Thursday, January 8, 2009

Taking care of business

As I indicated in an earlier post, my job at the moment is to think through the implications of what's happening financially in terms of our business, which is a small retail plant nursery in a country town with a population of about 1500. Small businesses are highly volatile at the best of times, and a sharp and prolonged downturn will quickly shake out the weak and probably a lot of the strong as well.

There are a number of salient features of small business which need to be kept in mind. One is that small business people are generally hard workers and when things get tough, they tend to think the solution is to work even harder. The old adage of when you find yourself in a hole, the solution is not necessarily digging deeper should be on the wall of every small business person's office. And there is no better way to find out your weak points than to work for yourself, where every mistake you make rebounds to hit you in the face. undamped and unexcused by the presence of co-workers who can conspire with you in a normal work place to cover your tail or engage with you in mutual fantasies of victimhood and blaming others.

The easiest way for me to think about how we might survive the coming shakeout is to imagine a future beyond the immediate crisis. There will be small businesses in that future — in fact, there may well be very few large businesses which survive, but where human life exists so does small business. So what will these businesses doing, and how will they be doing it?

My guess is that the main changes will be in no particular order:

1. The end of highly leveraged finance and the types of business which need to carry a lot of debt
2. A retreat from franchising and from standardised centrally administered branding
3. A shortening and simplification of the supply chain with more localised sourcing of goods
4. A retreat from extreme specialisation
5. Less reliance on the complex, fragile business systems with short useful lives spawned by the IT revolution
6. Less reliance on outside specialists of all kinds
7. More stable work forces and more reliance on skills within the organisation: these two necessarily go together
8. More close co-operation between businesses in particular communities and less reliance and oversight from government above the local level
9. The disappearance of luxury goods and service businesses except from the larger urban centres
10. The radical shrinkage of small businesses such as financial advisors, travel agencies, vehicle dealerships of all kinds including recreational boating and recreational vehicles, computer repair and sales businesses, long distance trucking, businesses dependent on contracts to government or big business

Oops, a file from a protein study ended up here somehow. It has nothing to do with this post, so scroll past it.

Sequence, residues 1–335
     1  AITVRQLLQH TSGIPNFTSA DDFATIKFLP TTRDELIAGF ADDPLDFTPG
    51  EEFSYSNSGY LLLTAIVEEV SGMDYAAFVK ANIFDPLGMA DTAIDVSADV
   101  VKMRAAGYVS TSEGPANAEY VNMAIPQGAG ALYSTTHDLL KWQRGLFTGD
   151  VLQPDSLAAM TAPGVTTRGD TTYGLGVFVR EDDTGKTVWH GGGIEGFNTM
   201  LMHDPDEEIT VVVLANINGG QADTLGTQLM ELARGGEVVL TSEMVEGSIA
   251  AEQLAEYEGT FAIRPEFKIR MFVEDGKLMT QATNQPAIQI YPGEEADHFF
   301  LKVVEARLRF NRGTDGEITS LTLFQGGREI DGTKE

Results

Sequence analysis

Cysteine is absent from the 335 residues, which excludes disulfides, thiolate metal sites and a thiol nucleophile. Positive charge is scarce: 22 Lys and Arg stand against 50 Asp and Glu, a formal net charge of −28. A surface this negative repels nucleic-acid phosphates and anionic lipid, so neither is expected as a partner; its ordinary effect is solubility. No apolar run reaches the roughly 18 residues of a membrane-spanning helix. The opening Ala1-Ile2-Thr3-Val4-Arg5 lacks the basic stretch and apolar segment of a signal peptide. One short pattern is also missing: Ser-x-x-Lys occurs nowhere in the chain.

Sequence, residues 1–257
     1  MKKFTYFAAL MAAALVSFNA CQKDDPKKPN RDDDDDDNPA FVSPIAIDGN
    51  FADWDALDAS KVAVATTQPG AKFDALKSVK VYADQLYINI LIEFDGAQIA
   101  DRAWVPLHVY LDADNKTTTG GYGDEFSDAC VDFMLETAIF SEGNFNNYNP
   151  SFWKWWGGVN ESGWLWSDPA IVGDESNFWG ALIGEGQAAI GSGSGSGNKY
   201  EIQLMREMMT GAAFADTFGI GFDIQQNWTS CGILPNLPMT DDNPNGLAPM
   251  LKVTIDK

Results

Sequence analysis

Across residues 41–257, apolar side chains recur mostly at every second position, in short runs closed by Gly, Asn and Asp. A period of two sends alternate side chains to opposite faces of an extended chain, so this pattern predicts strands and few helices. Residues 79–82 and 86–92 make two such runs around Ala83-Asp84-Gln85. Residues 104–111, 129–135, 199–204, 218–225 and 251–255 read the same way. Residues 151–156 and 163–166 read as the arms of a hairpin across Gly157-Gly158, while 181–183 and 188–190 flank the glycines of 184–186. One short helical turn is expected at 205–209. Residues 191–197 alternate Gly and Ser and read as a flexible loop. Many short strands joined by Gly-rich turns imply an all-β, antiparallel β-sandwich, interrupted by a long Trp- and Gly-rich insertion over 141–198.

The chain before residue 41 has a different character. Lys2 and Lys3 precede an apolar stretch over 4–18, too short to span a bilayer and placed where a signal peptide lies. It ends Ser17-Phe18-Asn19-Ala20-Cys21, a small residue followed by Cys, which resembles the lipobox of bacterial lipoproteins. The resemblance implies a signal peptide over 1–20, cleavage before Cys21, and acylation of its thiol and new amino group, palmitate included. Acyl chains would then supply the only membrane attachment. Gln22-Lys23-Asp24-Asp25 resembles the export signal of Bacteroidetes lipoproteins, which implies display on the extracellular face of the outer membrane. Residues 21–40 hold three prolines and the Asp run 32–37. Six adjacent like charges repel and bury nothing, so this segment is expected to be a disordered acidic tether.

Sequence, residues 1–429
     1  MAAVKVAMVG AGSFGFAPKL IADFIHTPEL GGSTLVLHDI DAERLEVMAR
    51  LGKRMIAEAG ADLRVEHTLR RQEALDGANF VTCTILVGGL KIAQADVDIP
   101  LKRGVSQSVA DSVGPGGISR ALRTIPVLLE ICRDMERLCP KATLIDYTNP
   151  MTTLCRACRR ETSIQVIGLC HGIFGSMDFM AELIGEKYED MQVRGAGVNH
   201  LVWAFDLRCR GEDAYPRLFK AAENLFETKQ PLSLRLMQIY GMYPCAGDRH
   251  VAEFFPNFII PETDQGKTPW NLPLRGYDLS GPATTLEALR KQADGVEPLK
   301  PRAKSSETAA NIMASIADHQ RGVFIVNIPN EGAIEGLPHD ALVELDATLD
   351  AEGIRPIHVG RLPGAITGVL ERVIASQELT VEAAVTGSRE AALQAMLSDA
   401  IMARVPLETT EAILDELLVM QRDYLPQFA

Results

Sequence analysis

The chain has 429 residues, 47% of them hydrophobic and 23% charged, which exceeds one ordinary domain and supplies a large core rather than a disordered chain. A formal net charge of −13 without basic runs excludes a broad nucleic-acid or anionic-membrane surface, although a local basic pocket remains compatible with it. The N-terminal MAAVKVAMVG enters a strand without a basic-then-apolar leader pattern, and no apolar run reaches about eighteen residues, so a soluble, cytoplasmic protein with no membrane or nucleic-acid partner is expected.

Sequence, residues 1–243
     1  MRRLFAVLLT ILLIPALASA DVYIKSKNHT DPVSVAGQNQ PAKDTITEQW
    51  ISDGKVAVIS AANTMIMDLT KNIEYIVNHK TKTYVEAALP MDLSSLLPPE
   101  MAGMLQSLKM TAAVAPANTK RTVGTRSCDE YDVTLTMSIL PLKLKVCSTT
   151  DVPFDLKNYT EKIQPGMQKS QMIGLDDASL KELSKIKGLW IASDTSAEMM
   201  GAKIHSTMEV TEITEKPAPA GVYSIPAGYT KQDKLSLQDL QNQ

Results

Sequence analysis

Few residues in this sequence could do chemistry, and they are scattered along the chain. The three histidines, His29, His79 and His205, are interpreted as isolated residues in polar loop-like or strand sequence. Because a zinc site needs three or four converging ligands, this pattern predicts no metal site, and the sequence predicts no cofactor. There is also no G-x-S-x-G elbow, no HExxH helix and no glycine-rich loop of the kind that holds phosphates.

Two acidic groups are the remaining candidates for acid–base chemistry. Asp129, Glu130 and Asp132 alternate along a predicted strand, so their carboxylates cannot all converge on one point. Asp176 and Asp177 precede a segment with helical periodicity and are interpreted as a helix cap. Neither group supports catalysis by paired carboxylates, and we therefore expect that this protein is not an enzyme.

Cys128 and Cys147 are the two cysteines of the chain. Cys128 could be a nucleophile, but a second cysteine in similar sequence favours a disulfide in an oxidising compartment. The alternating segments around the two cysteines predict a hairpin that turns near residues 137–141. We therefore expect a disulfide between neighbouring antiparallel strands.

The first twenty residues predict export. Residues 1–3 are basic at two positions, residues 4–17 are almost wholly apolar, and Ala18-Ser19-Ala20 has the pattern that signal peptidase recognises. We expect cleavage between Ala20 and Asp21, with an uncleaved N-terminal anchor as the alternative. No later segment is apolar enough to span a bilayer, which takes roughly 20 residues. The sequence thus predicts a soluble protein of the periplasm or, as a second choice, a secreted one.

11. A re-emergence of vanished businesses such as shoe makers and repairers, blacksmiths, seamstresses, local furniture makers and upholsterers, tinkers, potters and brewers
12. A changed security environment which will entail new ways of thinking about how to protect business assets. In some communities this will result in the emergence of standover men from local Mafias selling "insurance" but in more forward thinking places, traders will pre-empt this development by banding together and making their own private security arrangements, as the State is forced to contract from its traditional role because of shrinking tax revenues

This list is by no means exhaustive. If you are a small business person, what I've outlined here will give you a rough guide for thinking about your own strengths and vulnerabilities, and how you might bridge the gap between now and then.

As an initial step, think about your debt levels and general vulnerability to financial constriction. Do you have an informal line of credit which the bank could call in at any time, leaving you high and dry? Are your customers vulnerable to financial crises? Is your business essential or optional? Are your suppliers reliable or diverse enough for you to cope with interruptions? How long and vulnerable is the transport chain to your business or community? Are you dependent on government or big business for your work? Are you dependent on distant technicians and experts for your viability? Is fuel a major component of your enterprise? How close are you, geographically and logistically, to your market? What vital inputs or components sourced from elsewhere could make your business vulnerable should they become hard to get?

Then think about what your strengths might be and how you may take advantage of a retreat from big business and a general reduction of manufactured imports. Not to mention that people (in communities which have remained viable) will tend to shop more locally. Can you cultivate local suppliers? And remember that no matter how hard times are, people still need their entertainment and escape from their immediate circumstances (music and movies were HUGE in the Great Depression): their little luxuries and indulgences. Young people fall in love, get married and have babies. Food, clothing and shelter are always needed.

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